The “Making Room for Everyone” master plan is the brainchild of nearly 1,000 locals, including more than a dozen organizations.
From multicolored seating to sushi-filled food trucks, Whitman dwellers may notice new aspects popping up around Mifflin Square Park.
But, rainbow benches and California rolls are merely the start to a multi-year revitalization project mapped out for the South Philly green space.
The “Making Room for Everyone” master plan, which was spearheaded in 2016 by Southeast Asian Mutual Assistance Association Coalition, or SEAMAAC, a local immigrant and refugee alliance, has been the ongoing product of more than a dozen local organizations and stakeholders, including Councilman Mark Squilla, Friends of Mifflin Square Park, Whitman Council, Inc., LoMo, United Communities Southeast Philadelphia, Cambodian Association of Greater Philadelphia, Bhutanese American Organization, Parks and Recreation, Philadelphia Water Department, Mural Art Program Restored Space initiatives and the 3rd Police District.
“I think, we’re going to come out with a better result when there’s more voices and more viewpoints, because we can’t see everything,” said Andy Toy, director of development and communications for SEAMAAC. “None of us have the full picture.”
Along with an initial grant from the William Penn Foundation, the undertaking plans to receive the majority of its assets through Mayor Jim Kenney’s Rebuild initiative, funded by the Philadelphia Beverage Tax. Total costs are projected between $2 million to $4 million, according to project stakeholders.
Amid this colossal insight of nearly 1,000 individuals, key brainstorming derived from the park’s immediate residents — one of the most diverse demographics in South Philly.
“This park is a key location within the neighborhood where SEAMAAC does a lot of its work,” Toy said. “It really is the epicenter of immigration and refugee communities that we work with in South Philadelphia.”
Serving as a multicultural meeting ground, Toy says this park was especially important to preserve, not only for Asian immigrants and refugees but other existing members of the community, which includes diverse demographics of white, Asian, Hispanic or Latino, African American and other populations.
Considering records of racial violence in the park, like a shooting rampage that unfolded among gangs in fall 2015, SEAMAAC and its partners thought it was especially crucial to encompass the thoughts of all local residents while drafting a concept design for the park.
In fact, this mindset was even used during the RFP process, as eventually Hector Design Service from Newark was chosen for the task.
“(Hector) had a very strong sense of understanding immigrant communities, communities of color, low-income communities, figuring out ways to engage people,” Toy said.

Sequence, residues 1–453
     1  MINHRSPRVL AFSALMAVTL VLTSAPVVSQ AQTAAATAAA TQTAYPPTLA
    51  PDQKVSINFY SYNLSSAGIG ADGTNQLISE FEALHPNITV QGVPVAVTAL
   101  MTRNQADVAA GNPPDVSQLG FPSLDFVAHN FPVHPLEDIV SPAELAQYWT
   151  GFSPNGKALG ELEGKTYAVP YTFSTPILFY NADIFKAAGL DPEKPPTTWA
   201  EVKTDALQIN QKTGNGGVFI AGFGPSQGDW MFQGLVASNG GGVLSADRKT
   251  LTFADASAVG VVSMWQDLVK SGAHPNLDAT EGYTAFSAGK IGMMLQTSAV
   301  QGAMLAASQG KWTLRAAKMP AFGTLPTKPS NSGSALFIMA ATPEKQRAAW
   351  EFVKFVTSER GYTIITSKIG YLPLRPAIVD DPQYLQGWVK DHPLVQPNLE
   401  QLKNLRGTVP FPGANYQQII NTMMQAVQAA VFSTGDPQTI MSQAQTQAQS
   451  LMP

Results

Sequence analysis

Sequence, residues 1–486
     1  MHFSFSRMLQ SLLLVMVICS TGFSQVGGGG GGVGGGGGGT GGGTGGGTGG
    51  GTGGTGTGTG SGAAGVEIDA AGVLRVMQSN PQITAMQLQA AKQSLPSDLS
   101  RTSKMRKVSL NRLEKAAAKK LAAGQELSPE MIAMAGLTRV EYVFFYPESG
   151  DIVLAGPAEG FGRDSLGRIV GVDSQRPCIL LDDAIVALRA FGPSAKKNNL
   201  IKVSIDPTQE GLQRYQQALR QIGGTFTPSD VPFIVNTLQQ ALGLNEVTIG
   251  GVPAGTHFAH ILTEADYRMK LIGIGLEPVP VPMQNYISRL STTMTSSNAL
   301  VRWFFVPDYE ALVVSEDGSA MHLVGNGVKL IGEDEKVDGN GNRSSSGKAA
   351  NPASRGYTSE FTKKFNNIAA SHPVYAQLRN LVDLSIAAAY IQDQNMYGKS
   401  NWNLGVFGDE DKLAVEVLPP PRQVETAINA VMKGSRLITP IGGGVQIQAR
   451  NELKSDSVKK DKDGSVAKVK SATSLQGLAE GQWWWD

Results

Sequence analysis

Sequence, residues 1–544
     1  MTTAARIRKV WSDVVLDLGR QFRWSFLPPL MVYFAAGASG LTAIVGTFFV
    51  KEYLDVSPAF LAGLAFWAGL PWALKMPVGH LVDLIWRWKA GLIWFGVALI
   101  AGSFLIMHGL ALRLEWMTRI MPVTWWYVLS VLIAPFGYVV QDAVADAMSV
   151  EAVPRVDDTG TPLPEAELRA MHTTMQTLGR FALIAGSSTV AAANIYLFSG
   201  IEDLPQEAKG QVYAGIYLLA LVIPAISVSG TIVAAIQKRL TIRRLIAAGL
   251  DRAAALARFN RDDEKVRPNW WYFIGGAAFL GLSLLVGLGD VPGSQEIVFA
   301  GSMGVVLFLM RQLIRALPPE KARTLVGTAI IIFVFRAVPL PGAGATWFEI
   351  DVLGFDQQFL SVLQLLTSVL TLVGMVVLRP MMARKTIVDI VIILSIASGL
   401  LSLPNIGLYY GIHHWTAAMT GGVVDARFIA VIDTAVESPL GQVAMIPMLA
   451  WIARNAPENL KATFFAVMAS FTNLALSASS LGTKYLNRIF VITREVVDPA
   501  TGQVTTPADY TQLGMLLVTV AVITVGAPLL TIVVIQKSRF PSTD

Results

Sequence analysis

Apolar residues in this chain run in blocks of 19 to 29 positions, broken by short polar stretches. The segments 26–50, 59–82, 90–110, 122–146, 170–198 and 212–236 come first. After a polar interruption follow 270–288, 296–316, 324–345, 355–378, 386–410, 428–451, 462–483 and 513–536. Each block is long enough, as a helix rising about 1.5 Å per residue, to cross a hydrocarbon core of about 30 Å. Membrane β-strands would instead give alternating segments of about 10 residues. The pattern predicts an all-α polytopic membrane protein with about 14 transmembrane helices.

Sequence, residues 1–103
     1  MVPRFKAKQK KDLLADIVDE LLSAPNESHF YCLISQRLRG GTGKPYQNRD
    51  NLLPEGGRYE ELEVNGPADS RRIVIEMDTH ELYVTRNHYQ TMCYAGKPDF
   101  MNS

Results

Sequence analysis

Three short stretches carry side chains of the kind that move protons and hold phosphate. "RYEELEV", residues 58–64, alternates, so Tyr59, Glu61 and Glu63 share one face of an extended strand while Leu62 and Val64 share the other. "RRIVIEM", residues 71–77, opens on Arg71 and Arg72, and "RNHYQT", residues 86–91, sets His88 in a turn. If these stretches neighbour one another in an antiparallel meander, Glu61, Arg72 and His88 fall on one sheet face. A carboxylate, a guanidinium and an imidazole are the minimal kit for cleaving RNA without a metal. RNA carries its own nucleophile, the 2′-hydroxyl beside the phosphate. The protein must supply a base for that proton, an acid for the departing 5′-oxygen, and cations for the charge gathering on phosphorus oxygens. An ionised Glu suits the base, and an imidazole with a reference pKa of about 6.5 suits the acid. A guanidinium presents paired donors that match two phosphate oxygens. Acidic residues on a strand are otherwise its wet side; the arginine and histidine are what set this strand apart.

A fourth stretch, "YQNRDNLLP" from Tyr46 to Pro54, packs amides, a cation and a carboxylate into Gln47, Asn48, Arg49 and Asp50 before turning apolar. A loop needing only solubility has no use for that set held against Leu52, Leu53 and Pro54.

Breaking language barriers, Hector used items such as Legos and other objects to allow non-English speaking adults and children to express what they’d like to see — or what they feel is lacking — in the park.
After nearly two years of collecting perceptions, Hector and the team boiled down the most popular commonalities, including the installation of bathrooms and water fountains, designated quiet spaces, sports facilities and non-convoluted exits and entrances, which have often been corners of conflict.
“There was a lot of discussion about looking at the edges of the park in terms of the history of it being, sometimes, a point of strife,” said Damon Rich of Hector at a recent Mifflin Park Square project meeting.
While “super-seating” — or oversized chairs, sports programs and the SoPhiE food truck, which features immigrant chefs, have already been put in place, a gamut of other elements has surfaced in the latest concept design of the project, such as meditation areas, peace paths, nature paths, hard courts, stage and storytelling areas and adult exercise areas.
While most of these features will be built upon funding availability, the first definite phase of the plan surrounds the addition of green infrastructure from the water department. Specifically, a rain garden will occupy 5th and Wolf while underground storage basins are planned for the other three corners. Shaded sitting plazas will be built on top of these basins.
These sustainable pieces, which are part of PWD’s 25-year Green City, Clean Waters initiative, is set to break ground in Mifflin over the next year-and-a-half.
Since the concept design has been finalized, now the team is focusing on a “call to action,” informing as many residents as possible, including circulating a petition to neighbors urging the implementation of the project.
“Now that we have this, we’ll look for the resources and the political strength to push it forward and make it, eventually, a set of construction documents, pull down a capital budget and put it in the ground,” Rich said.
Concurrently, the team is waiting on action from the Rebuild initiative, which plans to designate $300 million in bonds to these neighborhood projects, according to the city. Considering Pennsylvania Supreme Court’s recent upholding of the soda tax, these revenues could be available sooner rather than later, but as of now, the project does not have an official end date.
In the meantime, SEAMACC and its partners strive to keep planning ongoing while not losing sight of its cornerstone.
“We’re really about being welcoming to all but making sure that the people who live here are really going to benefit,” Toy said. “To us, the social justice side of things is that we want to improve it but we’re not improving it for others. We’re trying to make sure that the people that live here really get something good.”
For more information about the Mifflin Square Park project, visit mifflinsquareplan.org.